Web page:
The Securities and Exchange Commission today charged a New Orleans-based oil-and-gas company and five executives with running a stock trading scheme in which they claimed to have struck oil in Belize in order to manipulate the price of the company’s stock as they illegally sold restricted shares to the public.
The SEC also charged a Houston-based attorney with facilitating the scheme by issuing false legal opinion letters that allowed free trading of the restricted company stock.
According to the SEC’s complaint filed in U.S. District Court for the Eastern District of Texas, Treaty Energy Corporation issued deceptive press releases touting drilling successes in Belize and Texas to induce investor demand for its unregistered stock, which was then illegally distributed to the public. The SEC alleges that Treaty Energy’s founder Ronald Blackburn and four company officers – Andrew V. Reid, Bruce A. Gwyn, Lee C. Schlesinger, and Michael A. Mulshine – obtained at least $3.5 million in illicit profits from the scheme.
“Treaty Energy professed to be in the oil-and-gas business, but its real business seems to have been misleading investors,” said David Peavler, Associate Director for Enforcement in the SEC’s Fort Worth Regional Office. “These company officers were behind press releases and SEC filings announcing drilling successes that were simply falsehoods designed to deceive the market and put investor money into their own pockets.”
The SEC’s complaint further alleges that Treaty Energy’s outside counsel Samuel Whitley abused his gatekeeper role and enabled the scheme by authoring improper legal opinion letters that allowed the company and its officers to illegally distribute unregistered stock to the public. Whitley was aware that Blackburn was running the company and Treaty Energy was abusing registration rules under the federal securities laws. Yet these facts did not deter him from issuing the opinion letters that allowed the scheme to proceed.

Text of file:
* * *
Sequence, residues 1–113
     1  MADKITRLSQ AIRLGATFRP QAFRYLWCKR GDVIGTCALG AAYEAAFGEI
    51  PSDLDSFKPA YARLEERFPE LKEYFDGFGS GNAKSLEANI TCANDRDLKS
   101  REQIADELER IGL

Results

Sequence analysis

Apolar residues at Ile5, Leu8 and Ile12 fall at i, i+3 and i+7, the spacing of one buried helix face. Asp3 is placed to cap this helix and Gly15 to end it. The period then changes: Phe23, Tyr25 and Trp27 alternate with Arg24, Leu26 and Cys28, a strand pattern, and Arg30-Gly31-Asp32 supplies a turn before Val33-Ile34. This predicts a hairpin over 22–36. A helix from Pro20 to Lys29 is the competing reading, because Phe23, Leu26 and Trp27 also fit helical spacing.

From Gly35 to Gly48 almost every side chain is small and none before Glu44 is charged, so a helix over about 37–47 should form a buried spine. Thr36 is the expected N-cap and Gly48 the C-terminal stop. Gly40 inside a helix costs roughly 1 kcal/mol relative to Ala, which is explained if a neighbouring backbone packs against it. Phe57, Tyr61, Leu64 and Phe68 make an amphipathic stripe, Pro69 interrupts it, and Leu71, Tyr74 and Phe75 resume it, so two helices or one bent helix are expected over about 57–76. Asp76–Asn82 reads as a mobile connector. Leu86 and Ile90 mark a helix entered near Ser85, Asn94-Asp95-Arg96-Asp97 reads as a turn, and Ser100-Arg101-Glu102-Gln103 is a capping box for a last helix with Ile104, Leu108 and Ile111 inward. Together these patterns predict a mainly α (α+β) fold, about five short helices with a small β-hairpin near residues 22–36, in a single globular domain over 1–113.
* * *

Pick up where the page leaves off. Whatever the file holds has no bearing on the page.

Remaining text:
“This case highlights the importance of gatekeepers in the sale of securities. Attorneys and other gatekeepers have an obligation to stop frauds, not enable them by turning a blind eye,” said David Woodcock, Director of the SEC’s Fort Worth Regional Office.
According to the SEC’s complaint, the scheme had three basic components. The first part began in January 2012 when Blackburn directed Treaty Energy to issue a press release claiming that its purported oil strike in Belize contained an estimated five to six million barrels of recoverable oil. Treaty’s stock price shot up nearly 80 percent that day. However, the Belize government publicly refuted Treaty Energy’s purported oil strike the very next day, calling the company’s statement “false and misleading” and “irresponsible.” The SEC alleges that despite Belize’s denial, Blackburn and the company’s officers continued to mislead investors by claiming that Belize was merely downplaying an actual oil strike for strategic reasons.
The SEC alleges that the second part of the scheme entailed Treaty Energy’s failure to disclose in public filings from 2009 to 2013 that Blackburn – previously convicted of federal income tax evasion – actually controlled the company and was a de facto officer. The SEC alleges that Reid, Gwyn, Schlesinger, and Mulshine all knew Blackburn’s true role at the company, but intentionally kept this fact out of its disclosures to conceal from the public that a convicted felon was in charge.
According to the SEC’s complaint, the final part of the scheme got underway in November 2013 when Treaty Energy began offering investors working interests in a well in West Texas. Investors were enticed with claims that the working interests were low-risk and expected to yield a return of 111.42 percent over a 10-year period. The SEC alleges that Treaty Energy and its officers knew these claims were baseless because the well was producing only marginal amounts of oil. In fact, the well produced 235 total barrels from October 2013 to October 2014.
The SEC’s complaint charges Treaty Energy, Blackburn, Reid, Gwyn, Mulshine, and Schlesinger with securities fraud as well as violations of the registration and reporting violations of the federal securities laws. The SEC seeks disgorgement of ill-gotten gains with prejudgment interest plus financial penalties as well as penny stock bars, officer-and-director bars, and permanent injunctions against them. Reid and Gwyn are additionally charged with signing false certifications in Treaty Energy’s SEC filings, and Whitley is accused of securities registration violations.
The SEC’s investigation was conducted by Samantha Martin, Keith Hunter, and Joann Harris of the Fort Worth Regional Office. The SEC’s litigation will be led by Jessica Magee.